Close to Home
Dónal Clancy, one of the founders of Danú and a former member of both Solas and the Eileen Ivers Band, explores the roots of Irish music in his debut solo guitar album. We are accustomed to hearing his powerful backing chords, but on this album he demonstrates as much skill as the solo melody player, treating the music with the utmost sensitivity. The guitar does not have the long solo tradition of the uilleann pipes, fiddle, flute, or accordion, but in Dónal’s hands it holds its own as a melody instrument. Only on one track is there any other backing instrument: uilleann piper David Power playing the drones on The Repeal of the Union. Otherwise the album is quiet and intimate, just Dónal and his guitar, although on some tracks he double tracks on bouzouki and bodhrán.
The name of the album is very apt. The music is ‘Close to Home’ for Dónal and anyone else seeped in the tradition. Any player or avid listener of Irish music would recognize the selection of tunes. They are all familiar, commonly played tunes, ones Dónal would have heard and absorbed as a boy in the Gaeltacht of Co. Waterford. Dónal can certainly play fast modern tunes with intricate arrangements, as he has more than amply demonstrated with Solas and Danú, but here he explores the tunes themselves with subtle chords, ornamentation and variations, the heart of the tradition. Dónal wholeheartedly embraces the philosophy of the tune being the thing. He lets the tunes stand on their own, unencumbered by florid or flashy playing. If the Irish traditional music purist can accept the guitar as a legitimate melody instrument, this is the album they should acquire. And everyone who regards the guitar as primarily a backing instrument should also listen to Dónal. He more than proves that the guitar holds it own, as beautiful a melody instrument as anything more ‘traditional’.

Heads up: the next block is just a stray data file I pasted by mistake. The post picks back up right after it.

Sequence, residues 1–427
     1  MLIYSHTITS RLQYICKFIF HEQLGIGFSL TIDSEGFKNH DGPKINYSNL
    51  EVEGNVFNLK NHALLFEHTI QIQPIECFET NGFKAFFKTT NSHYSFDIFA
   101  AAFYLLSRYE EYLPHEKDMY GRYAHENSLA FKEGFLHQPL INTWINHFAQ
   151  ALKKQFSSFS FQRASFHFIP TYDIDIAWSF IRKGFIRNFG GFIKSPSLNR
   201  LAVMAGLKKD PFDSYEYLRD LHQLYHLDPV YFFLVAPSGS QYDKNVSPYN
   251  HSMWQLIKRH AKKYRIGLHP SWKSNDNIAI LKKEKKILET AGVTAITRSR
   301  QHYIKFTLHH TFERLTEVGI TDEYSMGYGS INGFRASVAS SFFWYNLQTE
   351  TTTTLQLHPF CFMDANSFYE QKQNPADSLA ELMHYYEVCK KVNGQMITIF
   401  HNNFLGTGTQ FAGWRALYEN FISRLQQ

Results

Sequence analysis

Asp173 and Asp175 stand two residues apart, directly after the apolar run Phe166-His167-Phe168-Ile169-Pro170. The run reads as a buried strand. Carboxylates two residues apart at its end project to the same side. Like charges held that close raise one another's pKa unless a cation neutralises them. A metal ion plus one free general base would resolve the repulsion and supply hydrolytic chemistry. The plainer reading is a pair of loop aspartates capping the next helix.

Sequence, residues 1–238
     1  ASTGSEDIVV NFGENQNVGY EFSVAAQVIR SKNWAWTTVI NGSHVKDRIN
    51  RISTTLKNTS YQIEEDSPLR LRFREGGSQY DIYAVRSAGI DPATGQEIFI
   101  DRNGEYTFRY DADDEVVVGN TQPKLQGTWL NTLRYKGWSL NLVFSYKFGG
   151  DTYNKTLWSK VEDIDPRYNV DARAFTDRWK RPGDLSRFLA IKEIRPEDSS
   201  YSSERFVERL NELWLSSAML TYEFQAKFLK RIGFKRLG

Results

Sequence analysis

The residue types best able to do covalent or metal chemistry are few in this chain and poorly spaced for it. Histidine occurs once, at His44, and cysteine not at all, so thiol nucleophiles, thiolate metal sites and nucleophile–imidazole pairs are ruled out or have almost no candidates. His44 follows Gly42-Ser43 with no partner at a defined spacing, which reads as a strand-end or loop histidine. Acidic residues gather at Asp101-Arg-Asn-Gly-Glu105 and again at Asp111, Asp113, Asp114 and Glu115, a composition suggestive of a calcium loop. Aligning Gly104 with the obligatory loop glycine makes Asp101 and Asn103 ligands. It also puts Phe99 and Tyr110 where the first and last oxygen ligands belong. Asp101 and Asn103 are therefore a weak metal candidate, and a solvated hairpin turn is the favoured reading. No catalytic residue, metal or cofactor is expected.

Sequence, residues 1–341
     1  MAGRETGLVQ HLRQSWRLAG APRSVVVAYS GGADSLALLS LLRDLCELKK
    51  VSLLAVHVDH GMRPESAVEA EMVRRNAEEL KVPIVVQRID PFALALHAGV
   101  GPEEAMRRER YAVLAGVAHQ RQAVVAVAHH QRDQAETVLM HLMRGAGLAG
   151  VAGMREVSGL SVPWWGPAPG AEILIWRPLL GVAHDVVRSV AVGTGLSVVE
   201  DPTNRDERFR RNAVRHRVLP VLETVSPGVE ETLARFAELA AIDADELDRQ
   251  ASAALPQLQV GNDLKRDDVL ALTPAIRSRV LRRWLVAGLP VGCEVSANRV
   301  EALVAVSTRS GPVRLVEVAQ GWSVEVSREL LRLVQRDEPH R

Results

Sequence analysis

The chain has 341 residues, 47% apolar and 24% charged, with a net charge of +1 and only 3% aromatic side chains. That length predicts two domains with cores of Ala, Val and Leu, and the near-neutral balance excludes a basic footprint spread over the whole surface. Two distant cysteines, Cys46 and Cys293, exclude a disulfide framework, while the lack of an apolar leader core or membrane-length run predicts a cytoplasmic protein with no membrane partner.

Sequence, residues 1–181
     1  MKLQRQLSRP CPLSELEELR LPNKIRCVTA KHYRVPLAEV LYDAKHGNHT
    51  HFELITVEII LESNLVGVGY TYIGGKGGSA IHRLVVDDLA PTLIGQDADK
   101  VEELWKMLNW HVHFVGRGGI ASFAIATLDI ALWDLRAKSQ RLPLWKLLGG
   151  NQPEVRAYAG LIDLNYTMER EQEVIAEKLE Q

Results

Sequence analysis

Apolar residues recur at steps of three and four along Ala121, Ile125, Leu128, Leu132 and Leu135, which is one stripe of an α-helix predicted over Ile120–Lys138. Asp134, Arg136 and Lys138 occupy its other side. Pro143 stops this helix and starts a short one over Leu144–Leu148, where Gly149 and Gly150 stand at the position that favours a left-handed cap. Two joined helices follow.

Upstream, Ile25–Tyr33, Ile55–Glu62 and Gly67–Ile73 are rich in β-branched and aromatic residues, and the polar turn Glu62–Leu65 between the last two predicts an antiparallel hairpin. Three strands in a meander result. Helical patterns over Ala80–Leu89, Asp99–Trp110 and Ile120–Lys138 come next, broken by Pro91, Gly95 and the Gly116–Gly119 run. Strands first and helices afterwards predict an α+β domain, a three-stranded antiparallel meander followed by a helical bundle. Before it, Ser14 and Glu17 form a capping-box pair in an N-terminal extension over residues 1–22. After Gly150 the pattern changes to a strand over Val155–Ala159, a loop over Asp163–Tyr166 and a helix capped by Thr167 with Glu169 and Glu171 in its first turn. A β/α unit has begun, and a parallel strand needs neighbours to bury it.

Nor do we receive the heavy dose of jigs and reels we are accustomed to hearing on Irish music albums. Dónal has several sets of jigs, slip jigs, and reels, but he carefully balances these with hornpipes, a barndance, songs, airs, a harp tune, and even a mazurka. He plays the slow airs with great sensitivity, adapting them to the strengths of his instrument. He cannot play vibrato like pipes or fiddle, but makes up for that with well placed hammer-offs, pull-ons, and triplets. At the same time, the dance tunes are lively, played with great swing and lift, and the chords he plays underneath the fingerpicked melody line are rhythmically solid.
Dónal steps into the limelight and just shines. Although he has explored modern interpretations of Irish music in his work with Solas and other groups, he still retains an immense amount of respect and love for the older traditions. That is evident from this album – you can hear the love for the music in every single tune.
27th December, 2006
This is an original review for TIMR, printed here with the kind permission of its author.